• Nutrients/Herbs that may help stabilize mast cells: Selenium, Vitamin C, holy basil, peppermint, ginger, thyme, turmeric, quercetin, bromelain, nigella sativa, nettle and butterbur.
  • Chondroitin Sulfate and Quercetin: Synergistically help to inhibit mast cell activation [2].
  • Stress reduction techniques: meditation, deep breathing exercises, yoga, Mindfulness Based Stress Reduction (MBSR), Tai Chi, walks in nature, massage, acupuncture, flotation tanks, reflexology, sauna etc.

Now I’d like to hear from you: Do you think your mast cell levels are raised? Have you done anything to deal with it? Let me know in the comments.

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  1. Theoharides, Theoharis C et al. Mast cell involvement in interstitial cystitis: a review of human and experimental evidence Urology June 2001 [Volume 57 , Issue 6 , 47 – 55]
  2. Sant, Grannum R. et al. The Mast Cell in Interstitial Cystitis: Role in Pathophysiology and Pathogenesis Urology 2007 [Volume 69 , Issue 4 , S34 – S40]
  3. Xu Wang et al Evidence for the Role of Mast Cells in Cystitis-Associated Lower Urinary Tract Dysfunction: A Multidisciplinary Approach to the Study of Chronic Pelvic Pain Research Network Animal Model Study Plos One December 21, 2016
  4. Pang et al Mast cell and substance p-positive nerve involvement in a patient with both irritable bowel syndrome and interstitial cystitis Urology [Volume 47, Issue 3, March 1996, Pages 436-438]
  5. Spanos, Constantine et al. Stress-Induced Bladder Mast Cell Activation: Implications for Interstitial Cystitis The Journal of Urology 1997 [Volume 157 , Issue 2 , 669 – 672]
  6. Saluja R, Metz M, Maurer M. Role and Relevance of Mast Cells in Fungal Infections. Frontiers in Immunology. 2012 [3:146.]
  7. Bent, S., Göttsch, C., Braam, U. et al. The effects of heavy metal ions (Cd2+, Hg2+, Pb2+, Bi3+) on histamine release from human adenoidal and cutaneous mast cells Agents and Actions (1992) [36(Suppl 2): C321.]


  • Reply

    Sheryl Chan

    May 17, 2017

    Fascinating research, articulated so simply and covered so thouroughly as always! Very interesting piece, never thought about mast cells connection. I do get a lot of random outbreak of hives. My bladder irritation is quiet for now, but nobody even knows what the cause was. Now I’m wondering if mast cells have to do with anything else 😉 Thanks for the insight!

    • Reply


      May 18, 2017

      Thanks, Sheryl! Some researchers believe that mast cell activation disorders could be at the root of many conditions, I believe the book ‘never bet against Occam’ that has been recently reviewed on the CIB network deals with this topic (although I haven’t read it myself).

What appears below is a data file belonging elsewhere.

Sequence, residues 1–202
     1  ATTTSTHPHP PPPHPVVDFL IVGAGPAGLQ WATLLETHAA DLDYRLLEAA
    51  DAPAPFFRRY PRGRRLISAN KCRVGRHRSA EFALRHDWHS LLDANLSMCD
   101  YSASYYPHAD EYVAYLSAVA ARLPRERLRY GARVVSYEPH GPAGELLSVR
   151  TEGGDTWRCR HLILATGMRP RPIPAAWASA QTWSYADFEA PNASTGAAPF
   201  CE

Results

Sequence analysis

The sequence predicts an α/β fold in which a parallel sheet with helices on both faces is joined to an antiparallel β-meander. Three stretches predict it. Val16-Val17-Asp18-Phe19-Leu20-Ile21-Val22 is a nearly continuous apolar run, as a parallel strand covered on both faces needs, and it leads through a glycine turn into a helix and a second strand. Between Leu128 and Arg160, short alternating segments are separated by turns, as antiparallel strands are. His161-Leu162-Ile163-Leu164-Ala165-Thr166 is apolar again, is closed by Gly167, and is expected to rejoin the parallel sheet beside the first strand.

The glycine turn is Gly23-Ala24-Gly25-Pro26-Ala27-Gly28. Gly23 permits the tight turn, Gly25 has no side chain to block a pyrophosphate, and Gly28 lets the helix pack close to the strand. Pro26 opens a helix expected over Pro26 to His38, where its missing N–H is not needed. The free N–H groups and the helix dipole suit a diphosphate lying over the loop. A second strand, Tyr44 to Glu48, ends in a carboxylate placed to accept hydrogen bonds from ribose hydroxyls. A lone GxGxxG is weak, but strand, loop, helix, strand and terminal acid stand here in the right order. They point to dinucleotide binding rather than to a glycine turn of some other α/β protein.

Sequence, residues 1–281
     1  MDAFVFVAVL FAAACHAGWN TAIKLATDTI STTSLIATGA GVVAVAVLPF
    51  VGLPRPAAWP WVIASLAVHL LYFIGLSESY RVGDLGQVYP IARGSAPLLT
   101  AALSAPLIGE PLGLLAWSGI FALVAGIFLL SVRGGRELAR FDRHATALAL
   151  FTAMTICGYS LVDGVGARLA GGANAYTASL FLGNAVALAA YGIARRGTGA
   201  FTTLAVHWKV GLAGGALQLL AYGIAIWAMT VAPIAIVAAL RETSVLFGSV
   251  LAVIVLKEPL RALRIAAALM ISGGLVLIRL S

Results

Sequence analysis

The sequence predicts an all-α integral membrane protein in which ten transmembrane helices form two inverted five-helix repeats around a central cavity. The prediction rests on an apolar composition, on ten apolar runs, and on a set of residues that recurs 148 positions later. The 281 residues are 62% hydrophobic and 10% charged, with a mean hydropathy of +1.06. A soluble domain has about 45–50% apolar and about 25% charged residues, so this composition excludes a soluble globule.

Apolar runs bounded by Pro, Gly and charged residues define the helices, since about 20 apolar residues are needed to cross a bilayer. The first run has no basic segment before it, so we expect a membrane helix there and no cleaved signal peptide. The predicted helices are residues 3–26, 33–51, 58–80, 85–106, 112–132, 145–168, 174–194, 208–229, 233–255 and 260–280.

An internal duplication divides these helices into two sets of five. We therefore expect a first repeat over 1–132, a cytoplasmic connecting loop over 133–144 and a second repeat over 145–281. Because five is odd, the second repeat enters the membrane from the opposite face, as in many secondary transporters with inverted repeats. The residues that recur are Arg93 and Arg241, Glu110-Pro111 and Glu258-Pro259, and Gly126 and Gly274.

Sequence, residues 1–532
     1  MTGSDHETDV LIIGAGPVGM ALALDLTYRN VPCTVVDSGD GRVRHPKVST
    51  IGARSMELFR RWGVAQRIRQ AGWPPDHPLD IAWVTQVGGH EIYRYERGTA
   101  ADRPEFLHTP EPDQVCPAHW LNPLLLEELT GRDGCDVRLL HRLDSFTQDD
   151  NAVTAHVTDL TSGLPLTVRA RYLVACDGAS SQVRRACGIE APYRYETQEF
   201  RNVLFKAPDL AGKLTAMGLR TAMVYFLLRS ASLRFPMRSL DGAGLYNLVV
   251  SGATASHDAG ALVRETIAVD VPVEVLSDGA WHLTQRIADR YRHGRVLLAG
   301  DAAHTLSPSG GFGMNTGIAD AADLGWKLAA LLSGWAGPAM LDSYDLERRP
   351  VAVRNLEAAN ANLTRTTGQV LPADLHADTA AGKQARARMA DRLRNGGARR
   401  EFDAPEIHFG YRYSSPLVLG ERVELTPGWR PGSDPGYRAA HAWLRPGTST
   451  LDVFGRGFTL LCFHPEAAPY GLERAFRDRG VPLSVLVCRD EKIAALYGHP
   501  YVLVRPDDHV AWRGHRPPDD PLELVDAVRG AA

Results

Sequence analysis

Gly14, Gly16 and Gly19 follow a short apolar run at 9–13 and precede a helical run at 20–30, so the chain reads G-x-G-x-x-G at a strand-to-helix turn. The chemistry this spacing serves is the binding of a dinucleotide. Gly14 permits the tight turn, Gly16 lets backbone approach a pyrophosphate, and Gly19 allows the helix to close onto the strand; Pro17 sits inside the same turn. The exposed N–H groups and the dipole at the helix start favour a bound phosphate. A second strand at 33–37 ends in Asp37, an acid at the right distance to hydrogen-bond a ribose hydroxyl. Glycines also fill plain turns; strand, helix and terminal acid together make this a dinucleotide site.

• Reply

    Kelley PALOMINO

    September 11, 2017

    How would one test for Mast cells in the urine?

  • Reply

    Maria K

    October 17, 2017

    Thanks for a great article.
    I have a massive amount of mast cells in my bladder biopsy and therefore diagnosed with IC.
    I am in daily pain. I wonder of mastocytosis treatment would help me..
    Antihistamines and gastrocom…

    • Reply


      October 18, 2017

      Hi Maria, I heard from others that antihistamines can help reduce pain – it makes sense as histamine is one of the chemicals secreted from mast cells that is responsible for inflammation and pain and since antihistamines would block this it may well help. Would be interested to hear how you get on.

  • Reply

    Yakov Mirkin

    May 22, 2018

    Dear Layla,
    Thanks for outstanding article!!!
    I’m urologist from Russia and I evaluate NGF/Cr, IL-6/Cr level in urine for diagnostic IC/BPS.
    I completely agree with you – IC is the part of mast cells activation syndrome.
    It’s interesting that I noticed decreased amount of mast cells in bladder biopsy after BOTOX injections into the bladder trigone… I don’t know, how can I explain this fact…

  • Reply


    April 4, 2019

    I don’t even know where to start when explaining all this…it started out fantly when I was in my young teens, i would go to the bathroom (#2) and right after I’d had this horriable bladder irritation. I use to think ohhh greatt here come another bladder infection(I use to get them a lot when I was young) and it wouldn’t would literally go away after like and hour. But now for some reason of my 28 years of living this horriable horriable feeling has stayed with me every single bloody day since January 2019. I have been back and forward with my doctor..we have done urine cultures, blood work, examinations. And nothing! Apparently it is a hard disease to rule out from your I sat down with my doctor and really explained to her how I’m really feeling, trying to really study my body and what I’m feeling..and I told her I really think I have Interstitial Cystitis and she more so kinda agreed and wanted to do more testing…but wth why…she is wasting my time and money..I am struggling everyday and work and sleeping..I’m popping my back pills (Tramadol) for any relief I can get..I am sick of living like this I’m 28 years old and I have no life…I can’t live like this anymore..oh and where I live is pretty much 5:00A.M now, I’ve been up since 3:03..this is my new life now.. 🙁 I can’t live like this